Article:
...Former US presidents have long used charitable foundations as a way to perpetuate their influence and to attract speaking fees as a lucrative source of income. But the Clintons are unique in being able to rely on the worldwide drawing power of former president Bill Clinton to help finance the political career of Hillary Clinton—with the expectation among donors that as a senator, secretary of state, and possible future president Hillary Clinton might be well placed to return their favors. The annual meetings of the Clinton Global Initiative have provided a prime setting for transactions between the Clintons and their benefactors. Among the corporate sponsors of the 2014 and 2015 CGI conferences in New York City, for example, were HSBC, Coca Cola, Monsanto, Proctor and Gamble, Cisco, PricewaterhouseCoopers, the Blackstone Group, Goldman Sachs, Exxon Mobile, Microsoft, and Hewlett Packard. For sponsorship of $250,000 or more, corporate executives attending the CGI meetings can enjoy special privileges up to and including direct access to the Clintons.

In a 2013 investigative article for the New Republic, Alec MacGillis described the annual CGI meeting as a complicated give and take in which CEOs provide cash for CGI projects in exchange for access to Bill Clinton. MacGillis focused on the activities of Douglas Band [who declared last week that he would support billionaire Michael Bloomberg if Clinton lost the nomination to Bernie Sanders], a former low-level aide in the Clinton White House, who at the CGI meetings arranged favors for selected CEOs such as “getting them on the stage with Clinton, relaxing the background checks for credentials, or providing slots in the photo line.” At the CGI’s 2012 meeting it was Muhtar Kent, then CEO of Coca Cola, who, New York Times reported “won a coveted spot on the dais with Mr. Clinton.”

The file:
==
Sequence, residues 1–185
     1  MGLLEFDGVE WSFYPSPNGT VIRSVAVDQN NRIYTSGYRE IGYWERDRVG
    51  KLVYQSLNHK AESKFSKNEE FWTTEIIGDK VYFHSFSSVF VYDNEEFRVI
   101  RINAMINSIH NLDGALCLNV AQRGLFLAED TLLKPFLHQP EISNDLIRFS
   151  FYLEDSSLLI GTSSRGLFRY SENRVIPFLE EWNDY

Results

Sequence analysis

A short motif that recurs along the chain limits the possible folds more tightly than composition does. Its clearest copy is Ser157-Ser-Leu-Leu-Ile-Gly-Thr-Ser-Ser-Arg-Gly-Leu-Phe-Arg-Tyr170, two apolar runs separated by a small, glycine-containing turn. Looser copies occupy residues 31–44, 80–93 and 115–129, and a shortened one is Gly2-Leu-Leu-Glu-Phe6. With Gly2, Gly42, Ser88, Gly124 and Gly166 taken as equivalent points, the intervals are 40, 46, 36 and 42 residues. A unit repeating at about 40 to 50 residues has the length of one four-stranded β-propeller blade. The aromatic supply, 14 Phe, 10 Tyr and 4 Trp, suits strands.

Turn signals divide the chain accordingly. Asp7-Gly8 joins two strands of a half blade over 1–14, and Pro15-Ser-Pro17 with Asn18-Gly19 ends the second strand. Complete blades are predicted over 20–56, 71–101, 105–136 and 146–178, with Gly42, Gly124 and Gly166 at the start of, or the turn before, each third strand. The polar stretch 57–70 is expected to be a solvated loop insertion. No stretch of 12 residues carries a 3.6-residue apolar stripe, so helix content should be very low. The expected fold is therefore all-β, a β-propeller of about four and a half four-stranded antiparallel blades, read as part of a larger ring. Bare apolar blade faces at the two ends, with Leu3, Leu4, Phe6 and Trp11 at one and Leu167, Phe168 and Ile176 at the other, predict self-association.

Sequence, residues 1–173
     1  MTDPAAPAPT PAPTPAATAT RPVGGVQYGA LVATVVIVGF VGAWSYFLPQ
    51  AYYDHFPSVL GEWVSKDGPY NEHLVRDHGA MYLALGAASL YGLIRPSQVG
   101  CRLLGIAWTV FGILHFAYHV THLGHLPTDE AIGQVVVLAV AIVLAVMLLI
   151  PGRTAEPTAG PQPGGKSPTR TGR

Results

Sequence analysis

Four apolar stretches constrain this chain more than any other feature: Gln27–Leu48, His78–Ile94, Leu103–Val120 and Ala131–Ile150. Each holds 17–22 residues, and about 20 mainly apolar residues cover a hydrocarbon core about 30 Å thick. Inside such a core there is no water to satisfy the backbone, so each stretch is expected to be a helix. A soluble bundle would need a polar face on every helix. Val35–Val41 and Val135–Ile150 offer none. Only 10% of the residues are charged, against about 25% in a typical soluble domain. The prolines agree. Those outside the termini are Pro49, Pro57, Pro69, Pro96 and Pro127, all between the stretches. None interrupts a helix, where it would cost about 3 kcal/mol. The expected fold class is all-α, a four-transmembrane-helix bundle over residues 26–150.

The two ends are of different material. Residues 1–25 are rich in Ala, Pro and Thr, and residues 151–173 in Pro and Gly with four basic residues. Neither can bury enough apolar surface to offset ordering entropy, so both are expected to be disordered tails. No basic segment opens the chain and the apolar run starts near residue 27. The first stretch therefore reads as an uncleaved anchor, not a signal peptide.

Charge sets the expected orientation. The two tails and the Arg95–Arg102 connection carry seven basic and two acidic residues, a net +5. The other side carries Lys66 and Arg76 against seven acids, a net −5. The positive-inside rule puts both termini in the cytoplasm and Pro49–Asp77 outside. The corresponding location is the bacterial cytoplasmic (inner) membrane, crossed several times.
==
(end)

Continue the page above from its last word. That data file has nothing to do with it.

Along with the Clinton Foundation, lecture fees have offered another way for interested parties such as Citicorp and Goldman Sachs to support the Clintons beyond direct campaign donations. Data drawn from the Clintons’ annual financial statements, the Clinton Foundation, and the banks themselves show that between 2001 and 2014 Bill Clinton earned $1.52 million in fees from UBS, $1.35 million from Goldman Sachs, $900,000 from the Bank of America, $770,000 from Deutsche Bank, and $650,000 from Barclays Capital. Since she stepped down as secretary of state in February 2013, Hillary Clinton has been earning comparable fees from the same sources. Of the nearly $10 million she earned in lecture fees in 2013 alone, nearly $1.6 million from major Wall Street banks, including $675,000 from Goldman Sachs (the payments referred to by Bernie Sanders in the January 17 2016 debate), and $225,000 each from UBS, Bank of America, Morgan Stanley, and Deutsche Bank.